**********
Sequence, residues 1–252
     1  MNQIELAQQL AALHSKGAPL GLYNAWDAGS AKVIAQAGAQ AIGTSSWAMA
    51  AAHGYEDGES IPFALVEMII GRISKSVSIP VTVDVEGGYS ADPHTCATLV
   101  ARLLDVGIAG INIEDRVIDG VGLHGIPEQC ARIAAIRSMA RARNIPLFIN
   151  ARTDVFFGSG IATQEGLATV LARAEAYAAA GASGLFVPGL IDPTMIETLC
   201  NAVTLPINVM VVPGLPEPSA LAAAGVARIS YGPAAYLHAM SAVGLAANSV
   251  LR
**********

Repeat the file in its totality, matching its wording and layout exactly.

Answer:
Sequence, residues 1–252
     1  MNQIELAQQL AALHSKGAPL GLYNAWDAGS AKVIAQAGAQ AIGTSSWAMA
    51  AAHGYEDGES IPFALVEMII GRISKSVSIP VTVDVEGGYS ADPHTCATLV
   101  ARLLDVGIAG INIEDRVIDG VGLHGIPEQC ARIAAIRSMA RARNIPLFIN
   151  ARTDVFFGSG IATQEGLATV LARAEAYAAA GASGLFVPGL IDPTMIETLC
   201  NAVTLPINVM VVPGLPEPSA LAAAGVARIS YGPAAYLHAM SAVGLAANSV
   251  LR